The Shoulder Pivot

The Set Up for the Shoulder Pivot Drill

The Start of a Flat or Level Shoulder Pivot
The Start of a Flat or Level Shoulder Pivot

One thing I have been seeing in my lessons recently has been a tendency for golfers to rotate their shoulders on a flat plane (like a merry-go-round!).  This is, I believe, in an effort to extract as much turn as possible from the backswing.  By doing this you create a situation where the arms are too wide (stretched), the upper body is 'pulled' off the ball by the turning of the shoulders (the lead shoulder runs into the side of the jaw) and due to the flat pivot action the right forearm is visible below the left when the left arm reaches parallel (for right-handers) - all elements that none of the top golfers employ in their swings.

Here is an excellent drill that will provide you with the appropriate feel for a correct shoulder pivot:

This drill is designed to help convey the feel of getting your body into the correct position at the top of your swing.  Assume your address as if you are preparing to hit a 7 iron. (It is best executed with a ball in position.) Place an iron across the tops of your shoulders and cross your arms to support. Be sure to have the grip end off your lead shoulder and the clubhead flat against the opposite shoulder. During the pivot action of your swing, try to get the butt of the club to point at -- or slightly above -- the ball. Feel how the lead shoulder moves down as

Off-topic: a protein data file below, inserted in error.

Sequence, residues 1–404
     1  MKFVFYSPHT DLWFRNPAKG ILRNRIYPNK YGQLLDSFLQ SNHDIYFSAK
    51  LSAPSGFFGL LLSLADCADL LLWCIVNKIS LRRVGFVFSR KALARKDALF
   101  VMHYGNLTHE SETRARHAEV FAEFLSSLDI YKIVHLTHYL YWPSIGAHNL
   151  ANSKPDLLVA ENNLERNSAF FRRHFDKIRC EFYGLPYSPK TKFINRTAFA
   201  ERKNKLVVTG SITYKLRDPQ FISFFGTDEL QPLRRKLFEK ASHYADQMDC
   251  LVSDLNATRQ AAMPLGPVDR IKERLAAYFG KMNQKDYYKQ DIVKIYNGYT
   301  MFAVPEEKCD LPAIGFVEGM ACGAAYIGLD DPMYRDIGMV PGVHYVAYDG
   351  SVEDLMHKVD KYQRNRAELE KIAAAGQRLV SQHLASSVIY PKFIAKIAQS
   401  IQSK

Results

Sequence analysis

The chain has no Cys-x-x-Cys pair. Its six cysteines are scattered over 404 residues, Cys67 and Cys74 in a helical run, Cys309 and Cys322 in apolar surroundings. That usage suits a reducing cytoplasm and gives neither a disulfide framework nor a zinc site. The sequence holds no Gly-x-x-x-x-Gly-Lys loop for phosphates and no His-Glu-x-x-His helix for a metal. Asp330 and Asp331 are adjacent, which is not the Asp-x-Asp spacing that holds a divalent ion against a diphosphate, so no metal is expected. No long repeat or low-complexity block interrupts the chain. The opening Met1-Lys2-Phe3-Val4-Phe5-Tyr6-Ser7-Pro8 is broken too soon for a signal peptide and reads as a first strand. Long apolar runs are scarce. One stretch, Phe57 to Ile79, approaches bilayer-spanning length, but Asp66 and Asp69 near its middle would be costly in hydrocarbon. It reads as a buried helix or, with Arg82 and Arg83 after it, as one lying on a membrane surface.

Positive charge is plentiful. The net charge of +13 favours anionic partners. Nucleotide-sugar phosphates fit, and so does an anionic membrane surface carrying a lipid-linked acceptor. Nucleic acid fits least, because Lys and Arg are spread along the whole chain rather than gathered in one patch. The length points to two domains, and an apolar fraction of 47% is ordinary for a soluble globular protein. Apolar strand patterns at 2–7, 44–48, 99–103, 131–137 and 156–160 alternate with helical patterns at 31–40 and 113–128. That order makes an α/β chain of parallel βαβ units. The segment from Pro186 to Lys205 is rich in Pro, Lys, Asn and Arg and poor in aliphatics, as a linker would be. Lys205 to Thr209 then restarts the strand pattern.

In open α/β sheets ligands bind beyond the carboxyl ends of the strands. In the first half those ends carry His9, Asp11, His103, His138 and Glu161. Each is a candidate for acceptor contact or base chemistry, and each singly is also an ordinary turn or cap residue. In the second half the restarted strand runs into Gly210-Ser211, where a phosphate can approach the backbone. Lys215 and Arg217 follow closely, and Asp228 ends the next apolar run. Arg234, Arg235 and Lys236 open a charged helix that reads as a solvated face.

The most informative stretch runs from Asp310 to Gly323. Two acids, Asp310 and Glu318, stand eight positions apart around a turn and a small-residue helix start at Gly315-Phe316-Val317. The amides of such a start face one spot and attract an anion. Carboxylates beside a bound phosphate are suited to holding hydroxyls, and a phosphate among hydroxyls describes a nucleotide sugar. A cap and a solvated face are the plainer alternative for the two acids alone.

The "Top" of the Shoulder Pivot Drill

the shoulders wind into the backswing. This drill will also illustrate how the lower body needs to free up in order for the shoulders to pivot on a steeper plane. Sure, this drill is slightly overdone, yet it is rare for someone to get the shoulders to pivot on a plane that is too steep.  As you do this drill try to feel how the shoulders are now tilting more like a ferris wheel than the flat, merry-go-round plane from before.

 - If your swing tends to get too long, the steeper pivot actually creates more tension in the backswing and this will serve to tighten/shorten the backswing.

 - Due to improved shoulder action, the upper body is now more inclined to stay centered, positioning you properly for a sound impact.

 - If you have a difficult time taking the correct divot, a steeper shoulder turn will enable you to be in a position where you are now able to deliver a more descending blow to the back of the ball.

Try this simple standby drill - I believe it will help you to make better contact more often.  Remember  - Ball first, divot second!